Groundwater discharge zones connect aquifers to surface water, generating baseflow and serving as ecosystem control points across aquatic ecosystems. The influence of groundwater discharge on surface flow connectivity, fate and transport of contaminants and nutrients, and thermal habitat depends strongly on hydrologic characteristics such as the spatial distribution, age, and depth of source groundwater flow paths. Groundwater models have the potential to predict spatial discharge characteristics within river networks, but models are often not evaluated against these critical characteristics and model equifinality with respect to discharge processes is a known challenge. We quantify discharge characteristics across a suite of groundwater models with commonly used frameworks and calibration data. We developed a base model (MODFLOW‐NWT) for a 1,570‐km2 watershed in the northeastern United States and varied the calibration data, control of river‐aquifer exchange directionality, and resolution. Most models (n = 11 of 12) fit similarly to calibration metrics, but patterns in discharge location, flow path depth, and subsurface travel time varied substantially. We found (1) a 15% difference in the percent of discharge going to first‐order streams, (2) threefold variations in flow path depth, and (3) sevenfold variations in the subsurface travel times among the models. We recalibrated three models using a synthetic discharge location data set. Calibration with discharge location data reduced differences in simulated discharge characteristics, suggesting an approach to improved equifinality based on widespread field‐based mapping of discharge zones. Our work quantifying variation across common modeling approaches is an important step toward characterizing and improving predictions of groundwater discharge characteristics.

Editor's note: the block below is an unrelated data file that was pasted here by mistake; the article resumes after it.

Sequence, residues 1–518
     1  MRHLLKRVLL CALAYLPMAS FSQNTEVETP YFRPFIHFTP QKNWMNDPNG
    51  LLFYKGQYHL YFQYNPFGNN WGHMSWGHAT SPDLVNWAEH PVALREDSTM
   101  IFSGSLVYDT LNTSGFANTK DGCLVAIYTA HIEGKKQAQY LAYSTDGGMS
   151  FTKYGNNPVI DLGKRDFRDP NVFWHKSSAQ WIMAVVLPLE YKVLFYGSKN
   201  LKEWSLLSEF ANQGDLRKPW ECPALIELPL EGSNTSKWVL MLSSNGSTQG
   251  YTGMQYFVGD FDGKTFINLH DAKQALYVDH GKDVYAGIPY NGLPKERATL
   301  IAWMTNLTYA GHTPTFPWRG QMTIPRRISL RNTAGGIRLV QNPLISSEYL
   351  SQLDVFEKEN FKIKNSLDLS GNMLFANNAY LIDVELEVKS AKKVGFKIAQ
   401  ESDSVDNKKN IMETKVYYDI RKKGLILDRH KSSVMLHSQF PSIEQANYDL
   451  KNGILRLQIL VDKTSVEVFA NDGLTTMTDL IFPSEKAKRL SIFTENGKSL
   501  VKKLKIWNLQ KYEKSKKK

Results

|Publication Subtype||Journal Article|
|Title||Improved prediction of management-relevant groundwater discharge characteristics throughout river networks|
|Series title||Water Resources Research|
|Contributing office(s)||New England Water Science Center|
|Description||e2020WR028027, 19 p.|
|Other Geospatial||Farmington River watershed|
|Google Analytics Metrics||Metrics page|